The Pastor As a Christian Thinker -- By: Thomas N. Smith

Journal: Reformation and Revival
Volume: RAR 03:3 (Summer 1994)
Article: The Pastor As a Christian Thinker
Author: Thomas N. Smith

The Pastor As a Christian Thinker

Thomas N. Smith

Everyone in the Western world knows “The Thinker.” The statue has become one of the great mental images of the twentieth century. It is arguably the most famous piece of sculpture in the whole history of Western art.

The Thinker.” Naked, muscular, sitting, elbow on knee, head slightly bowed, brow knitted, eyes narrowed. “The Thinker.”

We can know, at least in part, what Auguste Rodin was saying in this bronze, silent, lonely figure. First, he is naked. Now, while Rodin gloried in naked flesh (particularly female flesh), he is using the age-old device of the nude to point us to man, generic man, humanity. Second, the man is deep in thought. As they used to say in the South, “He is studying something.” Rodin is saying to us: Man as man is a thinking creature, a thinking animal.

Christians are thinkers as well. C. S. Lewis once remarked that it is not a question as to whether men will read; they will. The question is, rather, whether they will read what is worthwhile, or trash. The same principle can be applied to the Christian as a thinking man or woman. They will think. Whether they will think well or carefully, or even Christianly, is another thing entirely. This is where the pastor as a Christian thinker comes in. By definition, the pastor is a leader, a teacher, a thought-shaper. In the lives of most evangelicals, there are few influences as powerful as the pastor of the local church they attend. The responsibility to use this influence in ways that will cultivate thinking that is distinctively Christian is a very real part of his role as a pastor-teacher. In order to ensure this, he must himself possess a Christian mind.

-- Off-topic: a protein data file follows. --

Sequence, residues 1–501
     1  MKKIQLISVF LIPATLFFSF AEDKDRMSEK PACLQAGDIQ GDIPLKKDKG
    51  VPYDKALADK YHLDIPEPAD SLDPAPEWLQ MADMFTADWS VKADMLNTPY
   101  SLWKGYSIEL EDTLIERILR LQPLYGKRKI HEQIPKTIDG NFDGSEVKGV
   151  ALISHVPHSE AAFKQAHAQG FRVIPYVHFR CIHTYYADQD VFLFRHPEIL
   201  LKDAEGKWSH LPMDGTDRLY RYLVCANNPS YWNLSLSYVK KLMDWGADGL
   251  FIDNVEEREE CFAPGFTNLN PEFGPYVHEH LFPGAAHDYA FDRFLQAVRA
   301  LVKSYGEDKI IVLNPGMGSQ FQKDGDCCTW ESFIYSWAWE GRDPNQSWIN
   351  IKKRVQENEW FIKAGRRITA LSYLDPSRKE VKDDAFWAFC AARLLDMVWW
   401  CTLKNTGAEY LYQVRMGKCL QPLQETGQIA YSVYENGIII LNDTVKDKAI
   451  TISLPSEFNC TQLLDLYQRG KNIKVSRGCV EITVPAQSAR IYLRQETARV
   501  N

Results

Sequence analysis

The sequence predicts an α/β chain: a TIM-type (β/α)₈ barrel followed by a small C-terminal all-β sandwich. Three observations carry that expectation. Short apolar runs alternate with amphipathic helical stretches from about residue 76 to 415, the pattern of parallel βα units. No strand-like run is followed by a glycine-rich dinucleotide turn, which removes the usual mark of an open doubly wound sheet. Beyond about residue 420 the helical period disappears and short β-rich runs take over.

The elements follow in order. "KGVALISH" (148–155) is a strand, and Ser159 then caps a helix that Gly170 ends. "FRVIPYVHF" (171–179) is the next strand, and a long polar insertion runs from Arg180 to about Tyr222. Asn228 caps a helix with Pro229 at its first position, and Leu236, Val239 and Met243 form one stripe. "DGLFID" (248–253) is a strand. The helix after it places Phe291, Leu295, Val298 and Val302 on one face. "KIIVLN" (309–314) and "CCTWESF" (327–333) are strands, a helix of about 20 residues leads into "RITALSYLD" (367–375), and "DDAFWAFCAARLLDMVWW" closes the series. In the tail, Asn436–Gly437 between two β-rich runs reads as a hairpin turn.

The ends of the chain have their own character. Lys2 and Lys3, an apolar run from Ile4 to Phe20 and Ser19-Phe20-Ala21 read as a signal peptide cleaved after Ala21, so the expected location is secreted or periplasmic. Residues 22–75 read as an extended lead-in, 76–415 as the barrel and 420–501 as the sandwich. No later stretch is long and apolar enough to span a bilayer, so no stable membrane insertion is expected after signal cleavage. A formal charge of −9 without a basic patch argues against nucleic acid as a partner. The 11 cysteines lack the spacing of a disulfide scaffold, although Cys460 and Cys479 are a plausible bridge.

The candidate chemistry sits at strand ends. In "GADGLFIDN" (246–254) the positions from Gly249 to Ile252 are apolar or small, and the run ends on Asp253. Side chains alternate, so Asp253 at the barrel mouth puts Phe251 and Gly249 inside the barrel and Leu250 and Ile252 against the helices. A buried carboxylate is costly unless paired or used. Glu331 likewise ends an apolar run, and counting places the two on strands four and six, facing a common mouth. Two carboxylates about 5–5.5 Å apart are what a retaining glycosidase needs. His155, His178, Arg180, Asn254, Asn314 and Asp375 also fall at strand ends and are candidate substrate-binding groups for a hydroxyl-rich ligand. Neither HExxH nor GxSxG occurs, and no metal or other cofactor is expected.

But, at this point a disclaimer and an explanation are necessary. I am not for a moment suggesting that Christian pastors are to be “intellectuals” or philosophers. Nor are they responsible to shape the members of their congregations into intellectuals or philosophers or aesthetes. No.

The goal we are seeking to achieve ourselves and to bring our people towards by the Word and Spirit of God is Christian maturity. In Paul’s words, we are seeking to “present every one perfect in Christ” (Col. 1:28).

While this involves the mind, it involves more than a merely intellectual approach to life. The “mind” in biblical thought includes the affections and the will. The concern we pastors have is to teach our charges in such a way as to promote and produce under the influence of the Holy Spirit a genuine Christian life. Many Christians simply do not have the i...

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